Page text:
APEX - Apex and Green Hope are rivals in most sports, yet this Thursday night game between the two has little hype or pageantry.
There are no cheerleaders. No student sections. No mascots or team logos to be found inside the DreamSports Complex in Apex.
The coaches are all volunteers. Players on the same team wear different colors of mismatching pants.
Welcome to the Carolina Scholastic Hockey League, a nonprofit organization that fields inline hockey teams from area Wake County high schools during the winter and middle schools in the spring.
The co-ed league isn't funded by public school money but by player fees. But unlike otherclub leagues, these players represent their schools in competition.
Without the fanfare of varsity sports, players from 15 Wake County high schools play for school pride every Tuesday, Wednesday and Thursday night.Getting started up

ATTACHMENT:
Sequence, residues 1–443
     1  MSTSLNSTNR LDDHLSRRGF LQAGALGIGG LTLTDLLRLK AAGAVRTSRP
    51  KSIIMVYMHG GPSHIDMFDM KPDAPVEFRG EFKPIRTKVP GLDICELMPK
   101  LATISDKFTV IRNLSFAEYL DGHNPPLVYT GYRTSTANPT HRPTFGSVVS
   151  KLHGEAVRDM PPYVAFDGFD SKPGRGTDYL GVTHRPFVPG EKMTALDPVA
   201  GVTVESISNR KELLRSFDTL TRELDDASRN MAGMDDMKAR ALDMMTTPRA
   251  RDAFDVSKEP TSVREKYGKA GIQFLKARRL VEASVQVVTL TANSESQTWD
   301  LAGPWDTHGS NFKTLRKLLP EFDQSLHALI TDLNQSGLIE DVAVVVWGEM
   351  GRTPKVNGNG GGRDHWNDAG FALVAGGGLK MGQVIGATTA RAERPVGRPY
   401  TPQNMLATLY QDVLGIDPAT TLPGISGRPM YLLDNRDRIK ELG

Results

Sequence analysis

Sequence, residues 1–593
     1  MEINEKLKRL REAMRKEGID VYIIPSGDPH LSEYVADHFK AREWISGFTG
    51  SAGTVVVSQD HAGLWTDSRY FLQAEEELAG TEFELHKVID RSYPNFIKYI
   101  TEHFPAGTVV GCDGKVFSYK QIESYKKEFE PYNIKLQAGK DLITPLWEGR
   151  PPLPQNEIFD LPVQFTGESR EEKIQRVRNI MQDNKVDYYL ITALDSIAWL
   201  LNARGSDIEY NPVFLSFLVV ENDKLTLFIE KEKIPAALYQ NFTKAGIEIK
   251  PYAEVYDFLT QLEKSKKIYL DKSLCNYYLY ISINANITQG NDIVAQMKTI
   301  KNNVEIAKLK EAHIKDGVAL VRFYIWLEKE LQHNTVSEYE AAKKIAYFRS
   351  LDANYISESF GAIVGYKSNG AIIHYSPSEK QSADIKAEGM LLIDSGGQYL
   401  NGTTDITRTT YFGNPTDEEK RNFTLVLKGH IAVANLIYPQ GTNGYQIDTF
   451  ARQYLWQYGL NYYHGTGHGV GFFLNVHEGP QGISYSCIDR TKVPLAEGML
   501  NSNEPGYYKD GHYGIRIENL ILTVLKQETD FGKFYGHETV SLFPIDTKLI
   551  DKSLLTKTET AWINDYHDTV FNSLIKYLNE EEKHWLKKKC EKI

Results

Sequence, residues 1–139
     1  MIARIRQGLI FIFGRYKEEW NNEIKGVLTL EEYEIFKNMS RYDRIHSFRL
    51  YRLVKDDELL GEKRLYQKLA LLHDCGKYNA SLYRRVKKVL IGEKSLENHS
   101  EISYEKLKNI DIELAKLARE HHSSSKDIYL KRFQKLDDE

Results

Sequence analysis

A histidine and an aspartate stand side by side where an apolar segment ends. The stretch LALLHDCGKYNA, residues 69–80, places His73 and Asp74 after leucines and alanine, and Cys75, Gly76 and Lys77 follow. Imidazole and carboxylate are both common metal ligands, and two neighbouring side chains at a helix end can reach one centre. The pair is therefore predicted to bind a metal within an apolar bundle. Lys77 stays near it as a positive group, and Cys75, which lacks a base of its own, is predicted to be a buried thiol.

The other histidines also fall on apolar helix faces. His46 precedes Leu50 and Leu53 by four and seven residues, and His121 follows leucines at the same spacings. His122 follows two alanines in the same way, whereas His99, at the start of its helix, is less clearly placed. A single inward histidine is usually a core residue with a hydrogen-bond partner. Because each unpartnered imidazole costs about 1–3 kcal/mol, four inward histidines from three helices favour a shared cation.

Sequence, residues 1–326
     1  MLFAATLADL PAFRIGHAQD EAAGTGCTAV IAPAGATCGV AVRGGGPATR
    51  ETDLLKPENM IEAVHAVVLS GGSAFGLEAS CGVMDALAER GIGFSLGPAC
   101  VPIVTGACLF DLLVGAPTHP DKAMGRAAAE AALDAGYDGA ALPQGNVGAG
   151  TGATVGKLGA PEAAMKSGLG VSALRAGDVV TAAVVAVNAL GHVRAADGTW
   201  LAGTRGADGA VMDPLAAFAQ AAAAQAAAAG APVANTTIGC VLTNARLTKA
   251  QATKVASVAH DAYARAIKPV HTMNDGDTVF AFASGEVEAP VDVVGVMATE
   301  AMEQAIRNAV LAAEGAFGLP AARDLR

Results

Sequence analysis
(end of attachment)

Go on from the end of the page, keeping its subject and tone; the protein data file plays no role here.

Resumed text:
Mark Howard's sons played inline hockey in various youth leagues. But he hoped for something better.
In 2005, Howard and friends Chuck and Cathy Carter started the CSHL with the idea of increasing competitiveness and pride by grouping players by the school they attended.
"We had scholastic hockey that was put together by DreamSports and they were running maybe 8-10 teams at that point," Howard said. "My kids were in the league, and I became interested. This is obviously something that my kids wanted to do, but there was no high school offering provided by either the school system or the state."
In 2007, the CHSL merged with the DreamSports league.
It wasn't easy at first, and it's still not easy to schedule all the games. The higher the interest, the more teams and more games to play. But there's still only a few locations -- DreamSports in Apex, Jellybeans in Raleigh and Jellybeans in Cary -- that can house the games, and renting the space is sometimes difficult.